Virginia's candidates for Governor discuss higher education

Terry McAuliffe (left) and Ken Cuccinelli (right) talked with college students in a Google Hangout hosted by Virginia21 (photo courtesy of Virginia21).
Terry McAuliffe (left) and Ken Cuccinelli (right) talked with college students in a Google Hangout hosted by Virginia21 (photo courtesy of Virginia21).

In Virginia this year, low unemployment among 18-24 year olds and higher education is brought to the forefront of the governors’ debate. Virginia21, a non-partisan group dedicated to educating Virginia’s 18-26 year olds, reports the current economic recovery largely excludes that same age group, wages for 21 year olds have fallen 5.4% since 2011 and people under 25 are twice as likely to be unemployed as the general population.

These issues have captured the attention of Republican Ken Cuccinelli and Democrat Terry McAuliffe, the two gubernatorial candidates. Both are focusing on higher education in their platforms before the November 5th election. Between 2001-2011 “per-student state funding was slashed over $5000” and “per-student borrowing jumped by the same margin” in Virginia alone. In an interview for Broadband Access, McAuliffe highlights rising tuition and costs for students as a symptom of a lack of funding, which inhibits higher education institutions from offering financial aid and scholarships. Higher rates mean students have to borrow more to pay for school, and thus place greater pressure on their search for employment.

“Greater investment,” McCauliffe said in the same interview, “investing in quality education to get data driven results." McAuliffe says his approach centers on increasing funding towards student-aid and teaching programs, so students face less costs and are better prepared for the job market.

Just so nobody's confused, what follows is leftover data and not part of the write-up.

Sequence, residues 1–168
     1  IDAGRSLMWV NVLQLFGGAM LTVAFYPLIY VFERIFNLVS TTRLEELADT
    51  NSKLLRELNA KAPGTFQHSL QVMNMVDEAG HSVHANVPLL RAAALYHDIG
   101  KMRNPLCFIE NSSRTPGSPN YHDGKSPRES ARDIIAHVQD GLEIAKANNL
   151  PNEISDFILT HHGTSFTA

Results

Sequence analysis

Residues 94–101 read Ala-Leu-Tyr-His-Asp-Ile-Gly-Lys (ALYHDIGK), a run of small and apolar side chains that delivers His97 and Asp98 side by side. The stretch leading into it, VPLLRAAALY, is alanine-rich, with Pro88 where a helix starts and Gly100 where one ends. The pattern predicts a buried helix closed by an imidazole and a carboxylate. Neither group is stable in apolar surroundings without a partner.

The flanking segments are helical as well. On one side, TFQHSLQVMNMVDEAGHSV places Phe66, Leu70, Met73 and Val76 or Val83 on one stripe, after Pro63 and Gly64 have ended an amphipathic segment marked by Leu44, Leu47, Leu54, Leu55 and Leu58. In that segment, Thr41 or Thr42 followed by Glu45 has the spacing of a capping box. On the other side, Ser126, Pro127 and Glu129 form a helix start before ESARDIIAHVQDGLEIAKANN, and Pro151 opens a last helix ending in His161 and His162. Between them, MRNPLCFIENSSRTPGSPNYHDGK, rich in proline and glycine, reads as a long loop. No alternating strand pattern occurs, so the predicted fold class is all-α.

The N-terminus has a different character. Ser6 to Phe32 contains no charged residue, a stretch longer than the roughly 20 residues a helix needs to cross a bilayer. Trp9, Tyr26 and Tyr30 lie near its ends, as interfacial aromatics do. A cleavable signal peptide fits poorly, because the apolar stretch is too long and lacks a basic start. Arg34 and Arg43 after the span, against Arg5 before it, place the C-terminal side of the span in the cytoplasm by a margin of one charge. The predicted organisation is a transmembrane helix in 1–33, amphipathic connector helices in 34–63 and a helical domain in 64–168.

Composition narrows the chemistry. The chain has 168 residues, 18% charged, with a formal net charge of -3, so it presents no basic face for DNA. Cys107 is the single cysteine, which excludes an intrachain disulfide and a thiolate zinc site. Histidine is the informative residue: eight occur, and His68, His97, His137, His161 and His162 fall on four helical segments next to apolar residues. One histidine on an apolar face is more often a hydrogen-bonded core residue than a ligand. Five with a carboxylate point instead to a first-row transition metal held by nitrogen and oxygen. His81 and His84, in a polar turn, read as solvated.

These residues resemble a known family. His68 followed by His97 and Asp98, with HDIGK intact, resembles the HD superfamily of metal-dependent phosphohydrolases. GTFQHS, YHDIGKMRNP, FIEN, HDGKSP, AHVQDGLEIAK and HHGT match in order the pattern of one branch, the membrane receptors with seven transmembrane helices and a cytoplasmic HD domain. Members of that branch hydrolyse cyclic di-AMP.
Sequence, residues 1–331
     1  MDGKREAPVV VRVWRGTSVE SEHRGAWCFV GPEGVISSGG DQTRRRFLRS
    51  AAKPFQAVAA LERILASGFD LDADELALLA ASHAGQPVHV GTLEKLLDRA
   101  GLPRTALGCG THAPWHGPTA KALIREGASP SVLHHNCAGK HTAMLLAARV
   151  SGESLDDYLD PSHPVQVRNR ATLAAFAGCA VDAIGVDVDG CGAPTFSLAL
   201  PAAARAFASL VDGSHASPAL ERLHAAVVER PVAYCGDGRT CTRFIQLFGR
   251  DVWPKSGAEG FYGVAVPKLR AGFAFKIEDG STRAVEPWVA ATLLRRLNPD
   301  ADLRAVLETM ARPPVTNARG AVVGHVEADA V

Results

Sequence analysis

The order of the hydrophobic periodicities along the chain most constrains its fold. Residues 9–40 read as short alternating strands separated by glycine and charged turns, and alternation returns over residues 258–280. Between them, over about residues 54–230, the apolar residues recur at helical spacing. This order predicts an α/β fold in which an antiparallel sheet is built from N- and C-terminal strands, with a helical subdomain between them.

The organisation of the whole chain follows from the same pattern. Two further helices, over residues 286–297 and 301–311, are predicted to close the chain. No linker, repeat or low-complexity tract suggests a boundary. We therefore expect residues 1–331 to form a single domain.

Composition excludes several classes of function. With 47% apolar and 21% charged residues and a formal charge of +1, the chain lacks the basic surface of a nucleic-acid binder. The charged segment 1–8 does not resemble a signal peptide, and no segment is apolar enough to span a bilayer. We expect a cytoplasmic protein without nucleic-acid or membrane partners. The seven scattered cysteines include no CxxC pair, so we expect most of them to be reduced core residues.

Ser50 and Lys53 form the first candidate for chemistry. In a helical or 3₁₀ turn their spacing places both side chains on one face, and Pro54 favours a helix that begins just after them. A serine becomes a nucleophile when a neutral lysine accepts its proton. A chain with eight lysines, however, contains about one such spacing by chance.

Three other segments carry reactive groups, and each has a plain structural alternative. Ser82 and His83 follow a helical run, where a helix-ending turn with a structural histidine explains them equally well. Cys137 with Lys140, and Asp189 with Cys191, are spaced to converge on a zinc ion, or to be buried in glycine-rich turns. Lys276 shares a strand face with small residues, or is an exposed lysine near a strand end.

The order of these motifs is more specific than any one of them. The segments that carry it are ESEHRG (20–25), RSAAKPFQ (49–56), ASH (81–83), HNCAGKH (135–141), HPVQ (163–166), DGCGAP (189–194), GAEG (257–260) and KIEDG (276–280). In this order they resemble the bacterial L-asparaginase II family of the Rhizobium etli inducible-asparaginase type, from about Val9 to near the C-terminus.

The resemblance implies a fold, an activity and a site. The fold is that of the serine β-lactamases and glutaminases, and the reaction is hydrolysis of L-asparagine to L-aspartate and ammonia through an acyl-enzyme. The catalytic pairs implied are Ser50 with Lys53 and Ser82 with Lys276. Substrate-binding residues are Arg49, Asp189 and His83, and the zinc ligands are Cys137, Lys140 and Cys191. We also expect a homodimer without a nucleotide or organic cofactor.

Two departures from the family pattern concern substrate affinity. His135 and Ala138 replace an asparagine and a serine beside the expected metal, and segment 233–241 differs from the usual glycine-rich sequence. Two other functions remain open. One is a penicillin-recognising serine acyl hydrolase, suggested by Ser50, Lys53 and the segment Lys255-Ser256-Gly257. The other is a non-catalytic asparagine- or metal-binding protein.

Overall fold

“I’m a huge proponent of financial aid…every one of our students who wants to go onto a two or four year school should be able to,” McAuliffe said.

In the same Broadband Interview, Cuccinelli also condemns the hike in costs for college students and the stagnant job market they face, a problem he wants to solve by focusing on employment for graduates. By boosting STEM scholarships and “increas[ing] private sector partnerships with higher education institutions,” he hopes to prepare college students with the skills businesses are seeking.

According to Virginia21, “usually the ‘skills’ or ‘talent gap’ is also an information gap.” Cuccinelli feels he can solve this problem by better informing campuses with hiring requirements of different employers in today’s market. McAuliffe proposes an economic solution that revolves around increased state funding to universities, while Cucinelli’s solution focuses on the programs offered by the universities themselves.

Your rating: None Average: 5 (1 vote)
Student Media Group: